Open-wire handle crochet hooks with patents from 1866 to 1877 were still being advertised in London in 1888. Patent marks were sometimes stamped on the brass collar. Top to bottom: Basic open-wire handle; duplex hook with large hook at one end and small hook at other (a cap stamped with the patent date was provided to cover the hook not being used); scalloped handle with short needle; scalloped handle with long needle; twisted handle.
The Metal of Choice
Steel was manufactured only in small batches before Henry Bessemer developed and patented a method of mass production in 1856. By 1860, large quantities of steel were being produced by the Bessemer process. Furthermore, the metal’s composition could be varied to make steel with different properties. Hard steel was made for tools that could bend and stamp parts made from brass and softer steel. John Shrimpton patented a crochet hook in 1862 that used wire tightly coiled over a long shaft. Design patents were in effect for just three years, so other crochet-hook manufacturers quickly adopted the idea. The style is found with either brass or steel handle wire; some have decorative ends, including glass paperweights. The coiled-handle crochet hooks still suffered from the problem of the hook rotating out of position as the crocheter worked. The last patents for this style were issued about 1871 and production may not have continued much after that.
In 1866, Zaccheus Shrimpton introduced two open-wire handle crochet hooks, and several companies soon produced dozens of variations. This style had the great advantage of not rotating as the needleworker crocheted. Although made mostly of steel, the hooks and handles were still assembled with soft brass collars. The steel handles were normally coated with black lacquer to prevent rust. Variations in addition to handle shape included hooks for which the handle was made of brass, sliding hooks whose shaft could be drawn up between the sides of the handle, and duplex hooks with each end holding a hook of a different size. The duplex style was popular for many years, and duplex-style crochet hooks were still being advertised in the 1888 Olney, Amsden & Sons General List, a London haberdashery wholesale catalog.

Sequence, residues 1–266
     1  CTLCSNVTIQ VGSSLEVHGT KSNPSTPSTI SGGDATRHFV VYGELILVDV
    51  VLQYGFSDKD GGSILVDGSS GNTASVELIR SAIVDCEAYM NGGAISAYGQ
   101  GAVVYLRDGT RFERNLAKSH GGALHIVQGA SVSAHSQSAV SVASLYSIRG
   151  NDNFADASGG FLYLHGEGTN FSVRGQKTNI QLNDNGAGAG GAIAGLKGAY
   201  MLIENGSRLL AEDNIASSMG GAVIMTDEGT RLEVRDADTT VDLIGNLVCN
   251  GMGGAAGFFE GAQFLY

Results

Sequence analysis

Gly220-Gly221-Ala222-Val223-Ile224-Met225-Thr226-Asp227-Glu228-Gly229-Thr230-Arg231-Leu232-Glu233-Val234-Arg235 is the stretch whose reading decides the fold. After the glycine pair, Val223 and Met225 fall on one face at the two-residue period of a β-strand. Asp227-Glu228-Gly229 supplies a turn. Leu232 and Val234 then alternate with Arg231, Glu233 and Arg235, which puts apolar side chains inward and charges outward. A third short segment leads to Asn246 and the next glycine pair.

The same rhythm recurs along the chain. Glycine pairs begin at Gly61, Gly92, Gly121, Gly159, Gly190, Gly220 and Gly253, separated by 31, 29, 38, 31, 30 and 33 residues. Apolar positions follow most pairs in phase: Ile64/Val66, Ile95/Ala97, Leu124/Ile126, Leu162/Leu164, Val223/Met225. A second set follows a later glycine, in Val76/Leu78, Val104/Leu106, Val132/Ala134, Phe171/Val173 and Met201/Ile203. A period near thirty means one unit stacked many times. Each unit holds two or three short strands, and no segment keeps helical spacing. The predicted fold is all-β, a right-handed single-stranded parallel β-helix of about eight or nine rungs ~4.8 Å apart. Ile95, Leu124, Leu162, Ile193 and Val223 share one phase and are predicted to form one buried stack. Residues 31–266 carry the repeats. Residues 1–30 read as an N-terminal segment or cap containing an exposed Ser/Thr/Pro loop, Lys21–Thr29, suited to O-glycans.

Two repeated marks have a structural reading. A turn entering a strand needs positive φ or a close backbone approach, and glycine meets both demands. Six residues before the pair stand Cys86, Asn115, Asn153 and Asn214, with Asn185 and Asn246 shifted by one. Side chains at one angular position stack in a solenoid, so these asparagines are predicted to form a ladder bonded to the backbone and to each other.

Crochet hooks with stamped-brass or stamped-steel handles, most with surface design incorporating trademarks and/or text. Top to bottom: Stamped The School, J B & Sons Patent by John Burgess & Sons, the needle is permanently mounted in the brass handle; sliding needle with hand-shaped mechanism stamped Z.S&S by Zaccheus Shrimpton and Son; sliding needle Queen Victoria commemorative hook, handle stamped with text: “Born 1819, Crowned 1838, Married 1840, Jubilee 1887,” and portrait of Queen Victoria on mechanism on the back; sliding needle with handle finial stamped with lighthouse (Morris and Yeomans’s trademark), “M and Y” and “3½” (size); duplex hook with steel handle (the same design also was made in brass), the unused hook retracts into the handle; quad hook by Charles Miles and Sons with mechanism for two hooks on one side and separate, identical mechanism for two more hooks on the opposite side.
Another popular style was a hook comprised of a shaft and stamped-brass handle introduced by William Hall in 1876. Stamping made possible surface design that could incorporate trademarks, such as the Morris and Yeomans’s lighthouse, or text, such as the words on the Queen Victoria Golden Jubilee commemorative hook. Some of the hooks were permanently mounted in handles; other hooks slid into the handle for storage. Some variations of the sliders incorporated two or four hooks of different sizes. A few hooks had stamped steel handles. Crochet hooks with handles were eventually replaced by one-piece crochet hooks formed from tapered steel rods. Steel-rod crochet hooks had been manufactured as early as 1860, when steel became more readily available, although the round or hexagonal rods were difficult to hold, and the hook easily rotated out of position. Crochet hooks with handles remained the hooks of choice until August Kippenberg patented the flat (also called “grip” or “pad”) hook in 1896. Other companies experimented with grip variations on steel-rod hooks, but none were as easy or cheap to produce as Kippenberg’s. And the inventions continued!
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NANCY NEHRING is a regular contributor to PieceWork publications. She has been researching crochet-hook history for more than fifteen years.
Originally published October 18, 2017; updated November 7, 2022.